International money laundering, part 2 of 2
The role of the U.S.
International money laundering has become a key tool in facilitating the growing prevalence of human trafficking. The author outlines how the U.S. has entered the fray and the challenges facing it and the international community.
The National Human Trafficking Resource Center (NHTRC) received an anonymous call from a young woman, offering information about a suspicious massage parlor. She reported that six Thai nationals, all around 18 years old, were forced to live and engage in prostitution at a commercial-front brothel in a strip mall. She said that an older woman named Thip lured the teenagers with promises of legitimate jobs. After they started working, Thip threatened to have them deported and kill their families in Thailand if they tried to quit. The caller provided the phone number for the massage parlor, but because she was afraid that someone might find out she had called, she opted not to provide additional information.The NHTRC reported the situation to a local human trafficking task force, which matched the phone number the caller provided with a number from an online advertisement for erotic massages. An undercover officer was sent inside the massage parlor and arranged to pay $80 in exchange for sex. Once the arrangement was made, police raided the establishment and found buckets of condoms, hidden security cameras and five trafficking victims, including the anonymous caller. Thip was arrested and charged with involuntary servitude, human trafficking and pandering. She ultimately pled guilty and received a lengthy prison sentence.
This actual case, from the Polaris Project (an entity that works to end human trafficking) had a relatively positive ending because law enforcement caught the perpetrator. However, it doesn't end that well for most of the thousands of people trafficked into the U.S.
Part 1 of this article in the May/June issue focused on the global impact of the relationship between international money laundering and human trafficking, including: 1) the perpetration, costs and trends of money laundering and human trafficking offenses; 2) the efforts of the Financial Action Task Force (FATF), United Nations Office on Drugs and Crime (UNODC) and Interpol, in combating these crimes and 3) its impact on the U.S. and its financial systems.
For full access to story, members may sign in here.
Not a member? Click here to Join Now and access the full article.
Part 2 focuses on: 1) U.S. participation in the international institutions listed previously to detect and deter these insidious crimes, and U.S. policy compliance with global money laundering and human trafficking standards, and 2) the challenges that international cooperation, lack of global awareness and low prosecution rates present for future policymakers to curtail these crimes.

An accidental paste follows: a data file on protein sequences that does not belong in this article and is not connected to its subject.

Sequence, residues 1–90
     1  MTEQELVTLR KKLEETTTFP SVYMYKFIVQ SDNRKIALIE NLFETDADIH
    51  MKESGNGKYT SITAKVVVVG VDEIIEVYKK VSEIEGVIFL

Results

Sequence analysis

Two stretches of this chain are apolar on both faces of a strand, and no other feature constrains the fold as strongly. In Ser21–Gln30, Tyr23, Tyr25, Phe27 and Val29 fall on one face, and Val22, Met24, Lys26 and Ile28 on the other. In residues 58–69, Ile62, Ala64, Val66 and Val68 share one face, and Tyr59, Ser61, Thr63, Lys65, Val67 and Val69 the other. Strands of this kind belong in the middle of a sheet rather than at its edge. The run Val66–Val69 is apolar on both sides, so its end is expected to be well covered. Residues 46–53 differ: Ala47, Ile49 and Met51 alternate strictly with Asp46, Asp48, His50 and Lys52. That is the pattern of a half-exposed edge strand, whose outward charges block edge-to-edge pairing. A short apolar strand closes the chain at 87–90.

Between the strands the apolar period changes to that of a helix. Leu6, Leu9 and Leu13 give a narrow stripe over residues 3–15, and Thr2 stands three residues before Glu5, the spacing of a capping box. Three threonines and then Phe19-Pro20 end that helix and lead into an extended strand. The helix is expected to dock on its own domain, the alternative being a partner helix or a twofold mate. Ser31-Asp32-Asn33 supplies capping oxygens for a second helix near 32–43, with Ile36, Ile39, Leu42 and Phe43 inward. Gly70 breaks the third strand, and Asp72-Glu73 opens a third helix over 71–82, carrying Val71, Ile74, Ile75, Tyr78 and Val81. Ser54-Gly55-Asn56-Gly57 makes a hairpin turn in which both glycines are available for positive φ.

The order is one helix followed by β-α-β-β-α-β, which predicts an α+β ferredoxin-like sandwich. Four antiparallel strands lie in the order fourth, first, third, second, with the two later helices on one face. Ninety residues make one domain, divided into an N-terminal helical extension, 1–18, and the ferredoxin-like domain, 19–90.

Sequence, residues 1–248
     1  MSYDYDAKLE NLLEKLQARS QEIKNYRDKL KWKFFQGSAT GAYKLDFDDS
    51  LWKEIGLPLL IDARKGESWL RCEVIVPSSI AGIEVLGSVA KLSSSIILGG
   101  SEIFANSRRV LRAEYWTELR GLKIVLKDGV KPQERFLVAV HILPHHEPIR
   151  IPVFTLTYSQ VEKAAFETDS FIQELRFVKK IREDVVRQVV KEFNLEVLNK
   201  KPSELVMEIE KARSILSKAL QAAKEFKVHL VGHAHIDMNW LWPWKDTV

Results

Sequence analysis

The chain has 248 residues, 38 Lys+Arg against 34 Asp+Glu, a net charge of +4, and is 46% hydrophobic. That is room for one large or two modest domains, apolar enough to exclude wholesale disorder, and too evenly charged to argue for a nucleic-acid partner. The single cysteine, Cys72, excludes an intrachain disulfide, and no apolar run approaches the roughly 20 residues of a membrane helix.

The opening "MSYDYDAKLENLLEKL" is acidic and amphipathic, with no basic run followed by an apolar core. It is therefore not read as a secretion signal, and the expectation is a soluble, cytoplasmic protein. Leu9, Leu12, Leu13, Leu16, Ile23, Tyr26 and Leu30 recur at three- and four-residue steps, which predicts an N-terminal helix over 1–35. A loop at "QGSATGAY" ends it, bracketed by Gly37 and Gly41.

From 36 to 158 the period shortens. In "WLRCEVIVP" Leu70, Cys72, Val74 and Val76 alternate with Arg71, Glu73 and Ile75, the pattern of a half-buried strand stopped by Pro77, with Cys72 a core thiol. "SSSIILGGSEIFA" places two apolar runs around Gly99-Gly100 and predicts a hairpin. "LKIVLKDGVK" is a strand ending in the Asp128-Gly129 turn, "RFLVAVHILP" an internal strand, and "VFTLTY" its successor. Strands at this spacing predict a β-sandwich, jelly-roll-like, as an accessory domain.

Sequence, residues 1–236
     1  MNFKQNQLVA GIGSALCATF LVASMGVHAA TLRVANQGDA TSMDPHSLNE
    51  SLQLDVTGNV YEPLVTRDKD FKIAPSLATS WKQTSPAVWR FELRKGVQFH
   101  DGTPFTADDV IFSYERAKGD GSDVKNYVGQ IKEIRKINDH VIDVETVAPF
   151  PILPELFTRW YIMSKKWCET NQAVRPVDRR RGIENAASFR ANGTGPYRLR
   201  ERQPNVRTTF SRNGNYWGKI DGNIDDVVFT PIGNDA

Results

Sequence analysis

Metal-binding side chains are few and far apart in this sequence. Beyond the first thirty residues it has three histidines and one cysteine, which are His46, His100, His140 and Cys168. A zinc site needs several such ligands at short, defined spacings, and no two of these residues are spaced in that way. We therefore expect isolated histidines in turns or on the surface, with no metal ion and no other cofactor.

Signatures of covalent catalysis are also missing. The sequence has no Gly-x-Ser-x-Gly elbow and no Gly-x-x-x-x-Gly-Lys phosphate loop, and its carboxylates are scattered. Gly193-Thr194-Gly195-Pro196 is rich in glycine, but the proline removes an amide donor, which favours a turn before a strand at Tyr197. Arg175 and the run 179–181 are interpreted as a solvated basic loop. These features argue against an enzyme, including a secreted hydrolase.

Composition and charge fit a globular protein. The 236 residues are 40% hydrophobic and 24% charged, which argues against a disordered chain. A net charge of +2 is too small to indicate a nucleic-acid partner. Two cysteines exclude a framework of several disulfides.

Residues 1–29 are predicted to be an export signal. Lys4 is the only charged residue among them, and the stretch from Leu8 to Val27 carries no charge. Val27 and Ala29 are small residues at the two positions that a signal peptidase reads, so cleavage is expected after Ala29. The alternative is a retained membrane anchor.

The U.S. is a member of both the FATF and U.N. and is one of the 140 signatory participants of the Conference of States Parties of the United Nations Convention against Transnational Organized Crime, the global initiative to fight human trafficking. The U.S. signed the treaty on Dec. 9, 2003 and ratified it on Oct. 30, 2006.
NOT ALL IS WELL IN DELAWARE
U.S. federal laws are consistent with international standards for money laundering. In response to the 9/11 terrorist attacks, President George W. Bush signed the USA PATRIOT Act to curtail the financing of terrorist activities through money-laundering schemes. Title III of the act, the International Money Laundering Abatement and Anti-Terrorist Financing Act of 2001, mandates financial institutions to comply with a series of anti-laundering measures including but not limited to the implementation of anti-money laundering (AML) programs and transparent financial reporting.
However, not all U.S. state laws are consistent with the federal mandate. Delaware, for example, has lax corporate tax laws that make it a de facto tax haven. This is because Delaware corporations can be used to hold assets in the U.S. with an effective tax rate of zero, as long as the majority of directors (not shareholders) are non-U.S. persons. (Read Beat Guldimann's Sept. 7, 2010, article, "Biden's Delaware: Making Swiss Banking Look Hyper-Clean," in The Globalist.)
Furthermore, Delaware allows the registration of limited liability companies without the disclosure of their actual owners. This is where Delaware starts countering the AML standards set forth by not only the PATRIOT Act but also by the FATF. Critics argue that the U.S. needs to close these loopholes if it wishes to be taken seriously as a global leader of financial transparency.
The opportunity for individuals to register limited liability companies in Delaware without the disclosure of their actual owners eases the ability for anyone to launder illicit funds. This opportunity is enhanced by the Tax Justice Network's recent labeling of Delaware as "the most secretive financial jurisdiction in the world," based on an analysis of 60 financial jurisdictions and their levels of secrecy and cooperation with foreign tax authorities.
The same study showed that the U.S. growth of private individual deposits by non-residents in 2007 was more robust than other popular financial jurisdictions such as the Cayman Islands, the U.K. and Luxembourg. In 2007, the total non-resident deposits in the U.S. equaled $2.6 trillion. (See Arthur Delaney's Nov. 1, 2009, article, "USA Tops International Tax Haven List, Thanks To Delaware," in The Huffington Post.)